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*From*: Stephan Merz <stephan.merz@xxxxxxxxx>*Date*: Thu, 28 Dec 2023 10:07:27 +0100*References*: <CAFteovKyRWofbZ=Droh57HC8jDYbw_OSFJKL9EStQ-HOJ4Nseg@mail.gmail.com>

Hi Karolis, as you certainly noticed, the embedding that you refer to is completely unrelated to TLAPS. It aims at a representation of TLA (not TLA+) in Isabelle, with higher-order logic as the underlying data language. [1] The idea is to have formulas that are interpreted over "possible worlds" as in modal logic, where worlds can be states, pairs of states or behaviors for TLA. For example, a temporal formula is represented as a function of type behavior => bool, where behavior is an infinite sequence of states. This representation is set up generically in theory Intensional [2] that attempts to introduce a syntax for expressions that hides their functional nature in many contexts, similar to the syntax used in modal logic. For example, "w |= A" is really just fancy syntax for "A w", and you can use both interchangeably, and "|- A" is a shorthand for "∀w. w |= A". Similarly, standard HOL operators can be lifted to corresponding operators over modal expressions, thus "lift2 (∧)" denotes conjunction of modal formulas and has type "('w => bool) => ('w => bool) => ('w => bool)" for some type 'w of "worlds" whereas standard conjunction is of type "bool => bool => bool". Some trickery with the Isabelle parser allows the lifting functions to be hidden in modal contexts, for example "(lift2 (∧) a b) w" can be written "w |= a ∧ b". Finally, rewrite rules for distributing lifting functions over expressions are included in the standard simplification rules applied by Isabelle, for example in order to reduce "w |= a ∧ b" to "(w |= a) ∧ (w |= b)" where the conjunction in the latter is standard (unlifted) conjunction from HOL. As you discovered, reasoning in this framework using elementary rule applications becomes tedious because rewriting needs to be applied throughout to simplify formulas. The intent was to make it possible for the user to state suitable intermediate assertions, then apply auto or simp to automate the steps that relate those assertions. The two examples provided in the AFP [3] illustrate how the embedding in Isabelle can be used, but I don't think anybody else used the theories. Since that encoding was made before the sledgehammer tool existed, I have no idea to what extent sledgehammer is useful in this context. Personally, I would recommend using TLAPS rather than that encoding of TLA in Isabelle/HOL. Best, Stephan [1] TLAPS also includes an Isabelle backend, but that backend is based on an object logic different from HOL for representing TLA+ set theory, i.e. the constant level of TLA+. TLA* formalizes state-, action-, and temporal-level reasoning.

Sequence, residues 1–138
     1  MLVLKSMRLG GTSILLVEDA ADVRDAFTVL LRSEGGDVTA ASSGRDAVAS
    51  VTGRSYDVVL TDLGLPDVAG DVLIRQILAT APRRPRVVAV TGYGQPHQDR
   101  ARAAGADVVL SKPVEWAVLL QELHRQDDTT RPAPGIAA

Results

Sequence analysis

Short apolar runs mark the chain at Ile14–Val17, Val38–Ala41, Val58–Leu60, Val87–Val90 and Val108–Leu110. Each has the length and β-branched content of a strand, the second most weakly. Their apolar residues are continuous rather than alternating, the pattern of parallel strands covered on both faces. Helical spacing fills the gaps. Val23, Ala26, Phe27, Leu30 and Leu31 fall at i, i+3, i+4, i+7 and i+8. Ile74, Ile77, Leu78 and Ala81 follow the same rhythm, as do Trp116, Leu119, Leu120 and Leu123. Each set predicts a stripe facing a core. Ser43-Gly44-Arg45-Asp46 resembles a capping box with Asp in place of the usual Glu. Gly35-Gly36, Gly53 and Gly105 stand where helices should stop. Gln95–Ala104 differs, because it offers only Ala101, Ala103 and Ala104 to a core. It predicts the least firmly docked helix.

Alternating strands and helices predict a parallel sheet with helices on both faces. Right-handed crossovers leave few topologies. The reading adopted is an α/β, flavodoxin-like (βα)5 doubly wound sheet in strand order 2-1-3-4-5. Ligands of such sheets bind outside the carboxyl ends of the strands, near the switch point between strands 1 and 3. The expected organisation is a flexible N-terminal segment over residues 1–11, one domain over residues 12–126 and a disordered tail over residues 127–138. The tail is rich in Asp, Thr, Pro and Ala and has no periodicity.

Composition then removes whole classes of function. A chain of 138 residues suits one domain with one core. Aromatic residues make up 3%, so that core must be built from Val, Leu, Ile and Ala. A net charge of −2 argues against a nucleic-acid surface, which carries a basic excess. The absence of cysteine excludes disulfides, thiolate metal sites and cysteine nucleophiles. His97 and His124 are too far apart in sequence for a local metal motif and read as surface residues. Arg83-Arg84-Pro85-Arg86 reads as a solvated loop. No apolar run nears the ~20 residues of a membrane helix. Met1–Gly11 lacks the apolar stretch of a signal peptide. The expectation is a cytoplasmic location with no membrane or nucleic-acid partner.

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**References**:**[tlaplus] Trying to understand lifting in Isabelle/HOL TLA****From:*Karolis Petrauskas

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